• Inadequate training of government officials.
  • Ineffective police and judiciary due to the lack of accountability.
  • Criminalisation of politics.

Besides, the existing anti-corruption institutions are not effective as they are under the control of politicians; they lack real teeth; and do not have enough officers with impeccable integrity.

 

Corruption needs to be dealt with on three fronts: firstly, petty corruption affecting the common man in dealings with public services; secondly, corruption in procurement and construction deals; and thirdly, the involvement of politicians in corruption.

 

Combating the first type, petty corruption, requires the introduction of transparency and accountability in governance and deterrent punitive action against erring officials. Transparency and accountability in governance can also be introduced through effective implementation of following measures:-

 

Citizens’ Charters: They promise certain standards on the basis of “Where to go; how to proceed”. Most of the currently available citizens’ charters have been formulated without consulting the concerned service seekers and do not have a penalty clause in case the promised standards of services are not adhered to. Further, there is poor awareness about their existence even among service providers themselves.

 

Right to Information: Though it is considered an exemplary initiative, people in general are dissatisfied with the functioning of the Central Information Commission (CIC), primarily due to the non-adherence to the principles of natural justice and failure to impose penalties. This has encouraged the bureaucracy to ignore RTI requests.

 

e-Governance: Corruption takes place the moment a service seeker faces the service provider. This measure avoids such a situation. Though the government is introducing e-governance in various services, the main problem is limited access to the Internet and awareness about measures taken so far. Besides, service providers are required to change their mindset, and make this service more user friendly.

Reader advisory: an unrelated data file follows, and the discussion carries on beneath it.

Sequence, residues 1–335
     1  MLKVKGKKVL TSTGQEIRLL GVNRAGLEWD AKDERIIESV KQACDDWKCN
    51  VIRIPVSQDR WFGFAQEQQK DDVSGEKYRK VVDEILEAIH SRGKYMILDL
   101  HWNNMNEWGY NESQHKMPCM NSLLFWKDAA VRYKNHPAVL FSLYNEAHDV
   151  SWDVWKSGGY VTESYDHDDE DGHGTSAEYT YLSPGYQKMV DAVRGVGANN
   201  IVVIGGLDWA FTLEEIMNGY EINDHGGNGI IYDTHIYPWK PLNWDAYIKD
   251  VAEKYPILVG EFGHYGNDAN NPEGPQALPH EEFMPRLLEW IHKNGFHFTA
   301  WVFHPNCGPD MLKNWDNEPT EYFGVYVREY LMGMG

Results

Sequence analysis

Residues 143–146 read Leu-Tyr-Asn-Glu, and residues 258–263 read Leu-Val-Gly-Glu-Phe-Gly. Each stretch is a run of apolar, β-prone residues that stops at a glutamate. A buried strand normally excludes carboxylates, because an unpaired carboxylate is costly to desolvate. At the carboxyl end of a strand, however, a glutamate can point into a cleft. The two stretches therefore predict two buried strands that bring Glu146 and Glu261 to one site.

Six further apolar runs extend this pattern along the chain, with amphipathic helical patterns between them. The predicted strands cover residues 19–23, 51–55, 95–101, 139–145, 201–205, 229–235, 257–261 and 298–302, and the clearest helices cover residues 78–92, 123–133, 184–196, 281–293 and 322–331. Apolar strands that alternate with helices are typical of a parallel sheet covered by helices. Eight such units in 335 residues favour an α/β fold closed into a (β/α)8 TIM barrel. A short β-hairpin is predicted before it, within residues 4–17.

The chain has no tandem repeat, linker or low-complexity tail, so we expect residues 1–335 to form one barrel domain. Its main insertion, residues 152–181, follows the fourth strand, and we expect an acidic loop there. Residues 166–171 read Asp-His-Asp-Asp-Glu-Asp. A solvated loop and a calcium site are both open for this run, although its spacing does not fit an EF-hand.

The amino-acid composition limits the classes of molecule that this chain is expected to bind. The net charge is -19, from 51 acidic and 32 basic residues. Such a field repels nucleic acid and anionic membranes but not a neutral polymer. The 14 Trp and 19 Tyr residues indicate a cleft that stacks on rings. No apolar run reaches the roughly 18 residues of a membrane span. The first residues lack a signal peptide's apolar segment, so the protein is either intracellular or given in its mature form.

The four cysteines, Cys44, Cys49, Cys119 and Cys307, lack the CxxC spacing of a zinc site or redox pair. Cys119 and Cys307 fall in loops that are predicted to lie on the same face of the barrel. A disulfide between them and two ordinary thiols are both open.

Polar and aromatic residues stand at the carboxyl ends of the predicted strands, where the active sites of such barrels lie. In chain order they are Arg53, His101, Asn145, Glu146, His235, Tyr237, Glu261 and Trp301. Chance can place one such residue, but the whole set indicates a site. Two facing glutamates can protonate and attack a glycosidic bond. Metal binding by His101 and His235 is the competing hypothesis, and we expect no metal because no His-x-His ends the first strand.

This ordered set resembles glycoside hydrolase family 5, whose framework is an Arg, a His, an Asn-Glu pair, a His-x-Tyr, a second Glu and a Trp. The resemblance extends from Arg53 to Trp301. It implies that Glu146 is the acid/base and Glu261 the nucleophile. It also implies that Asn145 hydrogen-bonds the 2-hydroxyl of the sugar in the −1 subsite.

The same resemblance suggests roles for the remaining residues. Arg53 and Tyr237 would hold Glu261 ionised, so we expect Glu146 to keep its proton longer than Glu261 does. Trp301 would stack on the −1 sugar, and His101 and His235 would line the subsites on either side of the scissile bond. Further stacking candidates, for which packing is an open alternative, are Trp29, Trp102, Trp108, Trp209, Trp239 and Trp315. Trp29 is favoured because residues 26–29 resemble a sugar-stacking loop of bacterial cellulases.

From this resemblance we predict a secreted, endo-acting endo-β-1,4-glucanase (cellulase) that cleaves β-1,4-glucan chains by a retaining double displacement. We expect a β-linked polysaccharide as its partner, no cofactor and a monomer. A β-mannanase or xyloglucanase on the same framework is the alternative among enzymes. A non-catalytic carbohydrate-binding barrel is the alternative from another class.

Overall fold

Sincere efforts will be required on all these fronts to improve governance and create nationwide awareness about them. Besides, in order to tackle the issue of petty corruption in an effective manner, there is a need to clean the system by:

 

  • Introducing transparency and accountability in governance
  • Impounding illegally acquired assets.
  • Recognising and rewarding skilled, efficient and honest officials.
  • Removing the protection given to tainted government officials under Article 311.
  • Removing weaknesses in the grievance redressal machinery, and providing adequate protection to whistle-blowers.
  • Training government officials adequately.
  • Disposing corruption cases quickly.
  • Policing corruption effectively and beefing up the judiciary.

Besides, sincere efforts are required to give adequate publicity and create awareness about all these methods to improve governance. In addition, strong domestic anti-corruption measures are required to be translated consistently into responsible business practices in India. The World Bank and the regional development institutions can help by enforcing debarment programmes that block crooked companies from profiting from development funds, while the poor are left out of the picture. Moreover, corruption in procurement and construction deals can be dealt with by adopting Integrity Pacts (IP).

 

Though the defence ministry has mentioned IPs in its procurement policies for 2005-06 and 2006-07, it has yet to implement it. Similar arrangements are being considered by many PSUs.

 

However, it is felt that in India, strong domestic anti-corruption measures, including the adoption of IPs, are required to be made compulsory to curb scams.

 

These measures include a clear-cut policy on middlemen and the methodology to regulate their role, ratification of the UN Convention Against Corruption, commitment to the OECD Convention Against Bribery and enactment of an Act like US Foreign Corrupt Practices Act of 1977.

 

As far as political corruption is concerned, some well thought out measures can bring it down substantially. Some of the important steps that may be undertaken by the government include the enactment of a comprehensive Lok Pal legislation; barring criminal elements from politics as recommended by the Election Commission of India; impounding illegally acquired assets as recommended by the Law Commission.